Playing Kitsune-ken or Fox Fist (1937)

“A variation on the “rock, paper, sissors” hand game, played by Geisha and their customers, this particular version of the game was at its most popular from the late Edo period (1820s) to the end of the Meiji period (1910s).

In Kitsune-ken (Fox Fist), two people play, and the match is refereed by a third person. The roles of fox, village headman, and hunter, are symbolised by the hands forming ears (fox), hands on thighs (headman), and hands holding a gun (hunter). The village headman looses to the fox, which bewitches him; the fox looses to the hunter, who shoots him; and the hunter looses to the village headman, who outranks him. In the centre is a prize or forfeit, in this photograph the prize is a porcelain figurine, but it is usually a sake container and a sake cup, the person who loses a game has to take a drink as a forfeit.

Beauty of form and style are an important part of the game for both men and women. The movements are usually accompanied by short, sharp calls such as, one, two, three or Tokyo, Kyoto, Osaka, and the whole is harmonised with music played on the Shamisen” (source)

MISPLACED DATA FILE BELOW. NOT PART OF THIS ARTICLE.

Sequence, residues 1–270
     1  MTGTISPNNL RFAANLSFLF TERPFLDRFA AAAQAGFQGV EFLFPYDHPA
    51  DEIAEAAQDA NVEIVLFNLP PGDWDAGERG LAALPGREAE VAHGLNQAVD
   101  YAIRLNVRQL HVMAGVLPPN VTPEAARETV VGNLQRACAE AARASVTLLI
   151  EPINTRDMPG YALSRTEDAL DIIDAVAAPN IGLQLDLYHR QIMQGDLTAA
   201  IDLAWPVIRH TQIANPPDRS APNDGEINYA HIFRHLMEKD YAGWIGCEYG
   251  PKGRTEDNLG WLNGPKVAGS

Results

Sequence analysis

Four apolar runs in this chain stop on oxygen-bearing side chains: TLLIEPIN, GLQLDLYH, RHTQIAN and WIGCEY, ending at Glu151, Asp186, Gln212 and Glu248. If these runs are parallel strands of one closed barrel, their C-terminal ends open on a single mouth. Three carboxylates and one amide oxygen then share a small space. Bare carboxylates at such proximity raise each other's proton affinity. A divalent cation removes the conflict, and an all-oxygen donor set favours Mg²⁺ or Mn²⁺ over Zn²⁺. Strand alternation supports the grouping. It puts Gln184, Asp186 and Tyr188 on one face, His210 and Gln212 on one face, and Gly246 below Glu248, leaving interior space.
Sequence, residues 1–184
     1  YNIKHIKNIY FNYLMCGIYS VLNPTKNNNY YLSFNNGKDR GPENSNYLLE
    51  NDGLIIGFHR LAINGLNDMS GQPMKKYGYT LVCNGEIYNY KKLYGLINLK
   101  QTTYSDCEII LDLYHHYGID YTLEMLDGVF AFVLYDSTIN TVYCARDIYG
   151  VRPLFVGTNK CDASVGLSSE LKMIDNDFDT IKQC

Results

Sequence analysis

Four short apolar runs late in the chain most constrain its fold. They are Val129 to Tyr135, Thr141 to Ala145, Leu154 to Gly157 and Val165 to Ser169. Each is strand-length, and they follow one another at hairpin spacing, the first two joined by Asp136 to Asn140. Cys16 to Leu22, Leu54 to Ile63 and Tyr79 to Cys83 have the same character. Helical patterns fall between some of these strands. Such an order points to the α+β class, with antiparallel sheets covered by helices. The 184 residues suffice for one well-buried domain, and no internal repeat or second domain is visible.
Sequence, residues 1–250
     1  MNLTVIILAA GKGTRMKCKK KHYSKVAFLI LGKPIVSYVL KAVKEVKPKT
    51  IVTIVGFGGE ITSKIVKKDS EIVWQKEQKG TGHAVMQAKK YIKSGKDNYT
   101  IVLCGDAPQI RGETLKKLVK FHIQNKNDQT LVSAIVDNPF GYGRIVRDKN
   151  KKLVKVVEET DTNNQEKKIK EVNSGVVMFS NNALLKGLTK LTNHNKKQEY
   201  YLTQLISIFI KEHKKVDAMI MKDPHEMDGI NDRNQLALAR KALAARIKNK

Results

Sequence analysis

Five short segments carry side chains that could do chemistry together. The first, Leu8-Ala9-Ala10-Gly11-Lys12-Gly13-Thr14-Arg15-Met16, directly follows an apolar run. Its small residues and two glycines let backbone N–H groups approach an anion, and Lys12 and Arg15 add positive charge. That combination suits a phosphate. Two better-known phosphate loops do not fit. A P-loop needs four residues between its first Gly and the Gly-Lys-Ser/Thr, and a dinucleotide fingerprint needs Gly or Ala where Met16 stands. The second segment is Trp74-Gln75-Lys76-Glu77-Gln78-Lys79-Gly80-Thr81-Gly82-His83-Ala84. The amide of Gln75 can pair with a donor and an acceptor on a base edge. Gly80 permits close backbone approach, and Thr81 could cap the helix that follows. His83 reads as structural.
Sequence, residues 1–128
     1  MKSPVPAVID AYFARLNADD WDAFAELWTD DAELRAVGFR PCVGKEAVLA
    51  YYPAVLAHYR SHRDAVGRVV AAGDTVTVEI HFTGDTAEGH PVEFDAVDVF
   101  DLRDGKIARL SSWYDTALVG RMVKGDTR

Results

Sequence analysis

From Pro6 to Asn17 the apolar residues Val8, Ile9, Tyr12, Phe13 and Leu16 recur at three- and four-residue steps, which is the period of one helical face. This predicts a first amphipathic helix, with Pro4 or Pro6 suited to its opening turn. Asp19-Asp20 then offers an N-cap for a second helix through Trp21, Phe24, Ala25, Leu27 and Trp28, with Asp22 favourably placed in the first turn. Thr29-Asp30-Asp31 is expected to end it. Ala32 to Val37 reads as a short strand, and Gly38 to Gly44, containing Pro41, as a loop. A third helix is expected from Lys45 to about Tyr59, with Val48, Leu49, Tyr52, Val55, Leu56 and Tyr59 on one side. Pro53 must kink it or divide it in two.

Here is a video of Ichisayo and Ichigiku of Pontocho playing the game

Nagoya Maiko performing ozashiki azobi Kin no Shachihoko (via YOMIURI ONLINE(読売新聞))

Mitaka? / Did you see?

Kiitaka? / Did you hear?

Nagoya no Shiro wa / Of Nagoya castle

Gojuu Yagura no Zecchou ni / On the peak of the fivefold turret

Kin no Shachihoko / A golden Shachihoko

Shachihoko / And the other Shachihoko

Amazarashi / Are exposed to rain.

(translation by arumukos)

A ‘kin no shachihoko’ (金の鯱) is a golden orca-like fish which is often found adorning Japanese castles. (photo and text by jsteph)

Tousenkyo or Fan-tossing 1909 by Blue Ruin1 on Flickr.

Via Flickr:
A hangyoku (young geisha) playing the traditional Japanese game of tousenkyo (fan-tossing).

An explanatory video: www.youtube.com/watch?v=Pzb6kBfaG_4
A maiko playing tousenkyo: www.youtube.com/watch?v=2wm6ZqGX8us